The second category of weapons short of war that we have at our disposal today is economic. Here, I’d like to give you a word of warning: it would be a mistake to overrate the usefulness of the economic weapons when they are used as a means of counterpressure against great totalitarian states, especially when those states are themselves economically powerful. This is particularly true of the Soviet Union, because the Soviet leaders consistently place politics ahead of economics on every occasion when there is a showdown. The Soviets would unhesitatingly resort to a policy of complete economic autarchy rather than compromise any of their political principles. I don’t mean they are totally unamenable to economic pressure. Economic pressure can have an important cumulative effect when exercised over a long period of time and in a wise way toward the totalitarian state. But I don’t think it can have any immediate, incisive, or spectacular results with a major totalitarian country such as Russia. …

On the strictly political measures short of war, I only mention one category because it, in my opinion, is our major political weapon short of war. That measure is the cultivation of solidarity with other like-minded nations on every given issue of our foreign policy. A couple of years ago, when we first had discussions with the Soviet authorities in Moscow about the possibility of setting up another United Nations Organization, I’ll admit that I was very skeptical. I was convinced the Russians were not ready to go into it in the same spirit we were. I was afraid the United Nations might become an excuse rather than a framework for American foreign policy. I was worried it might become a substitute for an absence of a policy. But I am bound to say, in the light of what has happened in the last year, I am very much impressed with the usefulness of the UN to us and to our principles in the world. There are advantages to be gained for us working through it. …

All the measures I have been discussing— economic, psychological and political— are not strictly diplomatic. Remember that diplomacy isn’t anything in a compartment by itself. The stuff of diplomacy is in the entire fabric of our foreign relations with other countries, and it embraces every phase of national power and every phase of national dealing. The only measures I can think of which are strictly diplomatic in character are those involving our representation in other countries. Those can be used for adjustment as well as pressure. …But you don’t have to break relations altogether. You can withdraw the chief of mission, reduce your representation, or resort completely to non-intercourse. You can forbid your people to have anything to do with the other country.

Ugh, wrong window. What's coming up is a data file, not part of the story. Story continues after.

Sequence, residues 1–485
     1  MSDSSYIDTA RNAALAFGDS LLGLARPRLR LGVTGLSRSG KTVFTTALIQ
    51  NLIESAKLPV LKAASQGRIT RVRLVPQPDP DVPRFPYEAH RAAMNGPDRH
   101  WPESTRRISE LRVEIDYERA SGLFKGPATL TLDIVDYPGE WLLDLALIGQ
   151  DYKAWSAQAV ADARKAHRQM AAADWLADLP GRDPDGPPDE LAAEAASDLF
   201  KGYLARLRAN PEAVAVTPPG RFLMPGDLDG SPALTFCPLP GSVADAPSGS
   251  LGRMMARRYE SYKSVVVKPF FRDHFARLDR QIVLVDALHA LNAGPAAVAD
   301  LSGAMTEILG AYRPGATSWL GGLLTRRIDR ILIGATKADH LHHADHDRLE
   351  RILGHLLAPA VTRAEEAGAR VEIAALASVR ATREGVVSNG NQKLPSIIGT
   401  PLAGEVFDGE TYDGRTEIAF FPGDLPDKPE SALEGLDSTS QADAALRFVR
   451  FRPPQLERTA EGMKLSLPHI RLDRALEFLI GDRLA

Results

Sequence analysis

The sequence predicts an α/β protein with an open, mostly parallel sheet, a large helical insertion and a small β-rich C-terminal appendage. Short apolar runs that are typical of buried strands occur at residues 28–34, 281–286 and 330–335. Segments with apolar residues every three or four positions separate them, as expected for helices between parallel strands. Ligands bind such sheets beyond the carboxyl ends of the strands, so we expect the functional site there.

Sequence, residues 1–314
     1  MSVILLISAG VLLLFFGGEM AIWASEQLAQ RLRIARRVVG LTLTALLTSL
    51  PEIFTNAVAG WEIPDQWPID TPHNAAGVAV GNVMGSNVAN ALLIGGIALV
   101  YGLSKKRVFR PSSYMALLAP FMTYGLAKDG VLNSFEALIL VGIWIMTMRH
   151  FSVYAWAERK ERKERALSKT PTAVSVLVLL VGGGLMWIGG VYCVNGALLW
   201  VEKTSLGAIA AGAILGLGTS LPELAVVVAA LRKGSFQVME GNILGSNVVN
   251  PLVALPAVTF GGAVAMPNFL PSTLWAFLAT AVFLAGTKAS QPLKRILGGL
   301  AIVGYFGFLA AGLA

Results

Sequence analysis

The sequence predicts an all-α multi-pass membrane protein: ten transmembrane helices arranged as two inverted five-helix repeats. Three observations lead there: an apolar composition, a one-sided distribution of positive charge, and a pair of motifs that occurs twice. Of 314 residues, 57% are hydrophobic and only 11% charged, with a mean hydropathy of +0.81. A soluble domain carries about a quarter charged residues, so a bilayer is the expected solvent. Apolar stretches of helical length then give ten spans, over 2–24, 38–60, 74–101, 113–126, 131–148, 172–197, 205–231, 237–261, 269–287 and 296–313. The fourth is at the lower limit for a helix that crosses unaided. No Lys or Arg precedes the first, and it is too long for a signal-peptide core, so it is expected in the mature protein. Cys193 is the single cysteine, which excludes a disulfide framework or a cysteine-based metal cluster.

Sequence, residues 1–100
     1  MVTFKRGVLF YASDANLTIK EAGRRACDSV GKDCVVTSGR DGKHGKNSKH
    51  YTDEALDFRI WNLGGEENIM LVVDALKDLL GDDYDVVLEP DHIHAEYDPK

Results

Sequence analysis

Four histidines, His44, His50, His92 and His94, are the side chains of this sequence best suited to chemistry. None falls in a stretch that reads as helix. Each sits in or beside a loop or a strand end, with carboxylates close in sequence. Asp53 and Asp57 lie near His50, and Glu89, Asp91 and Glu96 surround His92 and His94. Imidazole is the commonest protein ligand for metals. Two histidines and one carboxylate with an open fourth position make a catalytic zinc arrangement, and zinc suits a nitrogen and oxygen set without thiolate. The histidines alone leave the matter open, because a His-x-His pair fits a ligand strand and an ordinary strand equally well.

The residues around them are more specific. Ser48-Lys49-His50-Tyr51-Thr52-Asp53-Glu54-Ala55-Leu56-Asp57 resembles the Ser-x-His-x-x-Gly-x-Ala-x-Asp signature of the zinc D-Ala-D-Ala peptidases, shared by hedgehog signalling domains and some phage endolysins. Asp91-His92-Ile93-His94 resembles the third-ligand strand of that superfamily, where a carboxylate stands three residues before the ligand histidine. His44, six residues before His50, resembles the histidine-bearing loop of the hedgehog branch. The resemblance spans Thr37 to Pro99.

The measure which is most usually considered and used is the severance of diplomatic relations. The press often advises our Government to break relations with this government or that government. I am very, very leery of the breaking of diplomatic relations as a means of getting anywhere in international affairs. Severing relations is like playing the Ace of Spades in bridge. You can only use it once. When you play it, you haven’t got any more, so your hand is considerably weakened. …We ought to make plain to the world from now on that no American recognition—no American diplomatic relations with any regime—bears any thought of U.S. approval or disapproval; we are not committing ourselves, when we deal with anyone, on the legitimacy of their power. We would deal with the devil himself if he held enough of the earth’s surface to make it worthwhile for us to do so. …

A few other measures which democratic states can take involve control of territory in one’s own country, namely the facilities granted to a foreign government. We can limit the number of representatives of a foreign government in this country. We can deny its citizens the right to sojourn here for purposes of business or pleasure. We can deny them our collaboration in cultural or technical matters. They do these things to us all the time; and we can do them ourselves, although these measures are more difficult for us because our controls are not so complete.

These are, in general, the categories and measures I think we have at our disposal.